A Dockerfile that installs Apache Hadoop 2.5.0, Apache Oozie 4.0.1 and Apache ZooKeeper 3.4.6 as a cluster environment.
Based on sequenceiq/hadoop-docker (https://index.docker.io/u/sequenceiq/hadoop-docker/)
$ git clone https://github.com/gappc/docker-biohadoop.git $ cd docker-biohadoop $ sudo docker build -t="docker-biohadoop" .
docker-biohadoop provides two scripts, located in the scripts directory, that can be used to start and stop docker-biohadoop instances. Those scripts need to be executable:
$ chmod +x scripts/*.sh
docker-run-hadoop.sh (depends on gnome-terminal)
Use this script to start a number of Hadoop instances. It takes the number of slaves (nr-of-slaves) as argument. The script starts one Docker container as Hadoop master and additional nr-of-slaves Docker containers as Hadoop slaves.
$ scripts/docker-run-hadoop.sh 2
starts one Docker container as Hadoop master and 2 Docker containers as Hadoop slaves. Note that also the master is used for computational purposes. Therefor, Hadoop has 3 machines for computation with the settings above.
After invoking docker-run-hadoop.sh, a gnome-terminal is started for every Docker container. The master containers terminal has a red color, the slaves terminals are yellow. The master container starts the Hadoop environment, which may take some time (depending on the hardware and the number of slaves). After this initialisation, the hadoop cluster is ready for usage. Try to invoke the command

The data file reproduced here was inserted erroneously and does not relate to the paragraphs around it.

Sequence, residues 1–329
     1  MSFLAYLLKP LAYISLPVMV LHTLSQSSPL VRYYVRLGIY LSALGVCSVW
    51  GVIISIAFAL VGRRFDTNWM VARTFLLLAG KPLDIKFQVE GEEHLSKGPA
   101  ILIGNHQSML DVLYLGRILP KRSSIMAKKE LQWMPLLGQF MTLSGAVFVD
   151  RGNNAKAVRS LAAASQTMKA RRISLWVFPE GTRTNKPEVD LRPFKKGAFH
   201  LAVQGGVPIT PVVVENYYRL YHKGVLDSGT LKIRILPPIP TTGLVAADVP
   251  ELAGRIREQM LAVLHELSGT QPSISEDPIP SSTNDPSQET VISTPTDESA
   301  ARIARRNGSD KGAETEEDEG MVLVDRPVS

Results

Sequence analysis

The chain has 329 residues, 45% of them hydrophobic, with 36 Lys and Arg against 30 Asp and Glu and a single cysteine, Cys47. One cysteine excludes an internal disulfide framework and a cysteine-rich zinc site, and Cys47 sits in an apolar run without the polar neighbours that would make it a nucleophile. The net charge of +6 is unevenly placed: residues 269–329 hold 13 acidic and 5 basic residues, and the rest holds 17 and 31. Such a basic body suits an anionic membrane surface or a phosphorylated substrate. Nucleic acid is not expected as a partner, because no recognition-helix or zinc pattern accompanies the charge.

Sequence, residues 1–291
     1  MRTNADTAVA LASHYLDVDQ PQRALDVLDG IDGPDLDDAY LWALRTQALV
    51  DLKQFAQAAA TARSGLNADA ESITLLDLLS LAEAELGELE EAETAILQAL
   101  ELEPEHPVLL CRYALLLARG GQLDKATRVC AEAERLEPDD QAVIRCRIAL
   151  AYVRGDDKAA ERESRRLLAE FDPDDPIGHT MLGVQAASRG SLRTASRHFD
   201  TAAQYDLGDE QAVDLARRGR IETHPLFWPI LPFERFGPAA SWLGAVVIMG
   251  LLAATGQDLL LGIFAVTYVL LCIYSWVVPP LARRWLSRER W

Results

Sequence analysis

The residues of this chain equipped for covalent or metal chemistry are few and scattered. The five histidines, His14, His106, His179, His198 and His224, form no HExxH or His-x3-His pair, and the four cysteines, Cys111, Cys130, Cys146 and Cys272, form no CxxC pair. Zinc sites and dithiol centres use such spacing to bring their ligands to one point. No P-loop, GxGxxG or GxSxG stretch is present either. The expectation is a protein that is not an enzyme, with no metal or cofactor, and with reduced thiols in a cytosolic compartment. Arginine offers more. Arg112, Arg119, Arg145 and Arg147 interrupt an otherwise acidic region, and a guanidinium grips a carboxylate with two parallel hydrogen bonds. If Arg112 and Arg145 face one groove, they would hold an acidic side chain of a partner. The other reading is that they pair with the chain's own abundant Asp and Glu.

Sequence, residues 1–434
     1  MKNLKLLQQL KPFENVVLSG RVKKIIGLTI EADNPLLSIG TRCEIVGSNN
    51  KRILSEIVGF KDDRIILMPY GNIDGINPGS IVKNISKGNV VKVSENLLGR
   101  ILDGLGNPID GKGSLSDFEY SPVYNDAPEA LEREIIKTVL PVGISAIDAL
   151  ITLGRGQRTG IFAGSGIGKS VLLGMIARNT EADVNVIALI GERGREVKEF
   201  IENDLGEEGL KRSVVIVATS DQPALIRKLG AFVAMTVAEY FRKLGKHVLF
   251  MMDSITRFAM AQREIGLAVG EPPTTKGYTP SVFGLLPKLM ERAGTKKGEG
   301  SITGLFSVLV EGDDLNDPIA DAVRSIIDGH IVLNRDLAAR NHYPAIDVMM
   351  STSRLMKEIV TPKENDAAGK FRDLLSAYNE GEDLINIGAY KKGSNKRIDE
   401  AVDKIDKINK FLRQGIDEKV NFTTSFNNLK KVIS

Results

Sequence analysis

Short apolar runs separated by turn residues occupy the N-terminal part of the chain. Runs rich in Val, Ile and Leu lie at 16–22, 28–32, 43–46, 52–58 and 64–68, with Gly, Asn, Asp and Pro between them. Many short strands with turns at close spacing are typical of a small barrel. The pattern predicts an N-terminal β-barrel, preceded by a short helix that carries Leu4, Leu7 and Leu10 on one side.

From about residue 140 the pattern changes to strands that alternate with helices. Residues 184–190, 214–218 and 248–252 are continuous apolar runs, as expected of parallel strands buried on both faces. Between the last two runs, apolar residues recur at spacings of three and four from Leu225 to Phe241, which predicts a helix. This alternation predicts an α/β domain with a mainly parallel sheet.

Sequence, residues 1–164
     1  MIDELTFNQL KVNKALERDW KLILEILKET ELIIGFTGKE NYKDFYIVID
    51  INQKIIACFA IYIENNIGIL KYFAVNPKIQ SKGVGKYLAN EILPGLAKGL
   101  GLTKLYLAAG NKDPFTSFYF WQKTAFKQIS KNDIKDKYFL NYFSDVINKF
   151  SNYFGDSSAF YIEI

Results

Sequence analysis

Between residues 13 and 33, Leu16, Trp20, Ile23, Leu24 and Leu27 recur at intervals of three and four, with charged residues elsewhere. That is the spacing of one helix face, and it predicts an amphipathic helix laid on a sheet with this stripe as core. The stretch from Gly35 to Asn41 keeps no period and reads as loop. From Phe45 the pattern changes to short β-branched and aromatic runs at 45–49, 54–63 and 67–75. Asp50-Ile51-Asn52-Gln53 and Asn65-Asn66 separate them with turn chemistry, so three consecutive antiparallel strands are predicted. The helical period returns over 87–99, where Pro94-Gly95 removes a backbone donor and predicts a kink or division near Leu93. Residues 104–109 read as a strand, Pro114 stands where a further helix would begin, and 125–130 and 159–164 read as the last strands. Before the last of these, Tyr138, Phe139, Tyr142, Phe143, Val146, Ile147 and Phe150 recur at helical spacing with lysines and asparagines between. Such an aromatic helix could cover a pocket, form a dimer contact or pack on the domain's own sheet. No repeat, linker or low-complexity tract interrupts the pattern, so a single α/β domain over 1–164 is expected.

jps on all running containers to look if Hadoop is running
On the master node, it should output:
On the slave nodes it should output
Stops all running Docker containers and removes their interfaces from host.
The master node is accessible with user
root, a password is generated on each startup and printed on the terminal. Consider adding your SSH key to the Dockerfile if you are going to use docker-biohadoop often.